Slaughtering horses for food has been prohibited in the United States since 2007, but animal rights advocates and ranchers continue to argue over the ban. A report (PDF) from the Government Accountability Office released in June says the prohibition merely shifted horse slaughter abroad, where consumers aren’t so squeamish about equine dining. Why don’t Americans eat horse?
Because we love our beasts of burden. As with many food taboos, there’s no settled explanation for why most Americans are perfectly willing to eat cows, pigs, and chickens but turn their noses up at horse. Horse-eating, or hippophagy, became popular in Europe in the 19th century, when famines caused several governments to license horse butcheries. Today, horse meat is most widely available in France, Belgium, and Sweden, where it outsells mutton and lamb combined. While Americans have occasionally consumed their equine friends during times of scarcity, the practice just didn’t catch on. It may be that so many Americans forged intimate relationships with horses during our founding and expansion that eating the creature seemed morally wrong by the time of the nation’s major food shortages of the 20th century.
Hippophagy may have become somewhat popular in industrial Europe, but it had been taboo there for at least a millennium before. We know because Pope Gregory III wrote a letter to Boniface, an eighth-century bishop in Germany, instructing him to eliminate the practice among pagan converts. The pope described hippophagy as a “filthy and abominable custom.” (Also, horses aren’t kosher.) The popular view among historians is that banning horse-eating helped distinguish Christians from the pagans, but some think the pope’s real motivation was to preserve horses for warfare. Around the same time, the Irish Collection of Canon law sought to end the Celtic and Teutonic habit of eating horse, forcing violators to subsist on bread and water for four years.
Americans looked on with curiosity as Europeans went back to horse meat in the 1800s. It had become so common by the end of the century that Scientific American published an article in 1892 remarking on the popularity of horse in France, the Netherlands, Germany, Sweden, Switzerland, and Milan. (Residents of Turin apparently hated the stuff.) While Americans wanted no part of hippophagy, they were perfectly willing to supply the raw materials. In 1899, the USDA engaged in a contentious exchange with a Norwegian paper that complained American inspectors rarely visited horse meat factories, because they didn’t sell domestically.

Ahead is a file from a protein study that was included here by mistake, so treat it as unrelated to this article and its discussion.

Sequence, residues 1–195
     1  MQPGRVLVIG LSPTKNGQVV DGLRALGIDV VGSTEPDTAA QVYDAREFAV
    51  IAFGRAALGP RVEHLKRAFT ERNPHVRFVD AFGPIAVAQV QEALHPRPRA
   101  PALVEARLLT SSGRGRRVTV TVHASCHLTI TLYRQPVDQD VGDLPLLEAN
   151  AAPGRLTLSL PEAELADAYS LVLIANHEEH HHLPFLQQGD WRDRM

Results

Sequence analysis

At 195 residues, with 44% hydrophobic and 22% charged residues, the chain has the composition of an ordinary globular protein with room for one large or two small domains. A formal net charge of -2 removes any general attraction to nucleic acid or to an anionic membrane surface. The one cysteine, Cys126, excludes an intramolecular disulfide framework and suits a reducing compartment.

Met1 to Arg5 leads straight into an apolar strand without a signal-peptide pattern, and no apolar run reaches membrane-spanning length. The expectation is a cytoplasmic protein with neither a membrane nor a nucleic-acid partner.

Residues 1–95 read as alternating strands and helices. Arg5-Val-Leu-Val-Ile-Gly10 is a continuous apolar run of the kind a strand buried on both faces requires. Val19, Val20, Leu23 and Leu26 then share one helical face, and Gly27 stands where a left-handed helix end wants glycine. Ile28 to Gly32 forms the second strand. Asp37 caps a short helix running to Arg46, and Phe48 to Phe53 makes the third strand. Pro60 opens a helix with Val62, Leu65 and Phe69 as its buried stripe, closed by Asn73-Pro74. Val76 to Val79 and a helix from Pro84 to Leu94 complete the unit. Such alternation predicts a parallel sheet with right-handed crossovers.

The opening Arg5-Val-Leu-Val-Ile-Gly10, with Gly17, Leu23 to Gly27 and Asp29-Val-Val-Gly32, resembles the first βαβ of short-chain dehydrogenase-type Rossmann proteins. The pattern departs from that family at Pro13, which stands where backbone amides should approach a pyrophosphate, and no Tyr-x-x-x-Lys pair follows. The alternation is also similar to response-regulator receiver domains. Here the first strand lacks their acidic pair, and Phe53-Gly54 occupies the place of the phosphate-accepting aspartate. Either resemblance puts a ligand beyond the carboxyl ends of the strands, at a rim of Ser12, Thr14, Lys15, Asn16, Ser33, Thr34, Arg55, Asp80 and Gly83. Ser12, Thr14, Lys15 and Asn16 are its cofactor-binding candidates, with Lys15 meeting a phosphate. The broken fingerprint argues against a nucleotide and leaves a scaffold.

U.S. hippophagy seems to have reached its high point during and shortly after World War II, because of domestic shortages of other, more conventional meats. Horse steak was even on the menu at the Harvard faculty club, although ordinary Americans never fully embraced it. After publishing an article about the growing popularity of horse meat in 1943, Life got a series of pithy letters to the editor. One reader wrote: “If your illustrated article on horse meat is followed by one showing how to make chicken chitterlings, the meat problem will be solved. We’ll all be vegetarians.” Another responded: “Not this side of starvation. Not while there are beans.” (One hippophagy enthusiast suggested that the problem was horse doesn’t have a dinner table euphemism like “beef” or “pork.”)
Some horse-eaters say the meat tastes like beef, only slightly sweeter and more tender. (Other gourmets are less impressed.) During a meat shortage in 1946, American housewives reportedly tried to fool their husbands by swapping the cheaper and more widely available horse for beef.
Bonus Explainer: Is horse meat good for you? It’s a little better than beef. A three-ounce serving of roast horse has 149 calories, 24 grams of protein, and five grams of fat. The same amount of beef tenderloin has 179 calories, 24 grams of protein, and nine grams of fat. Horse milk, which some Central Asians drink in fermented form, has one-third the fat of cow’s milk.
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Explainer thanks Richard Bulliet of Columbia University and Adrienne Hall of Drexel University.*
Correction, Oct. 25, 2011: This article originally misspelled the first name of Adrienne Hall.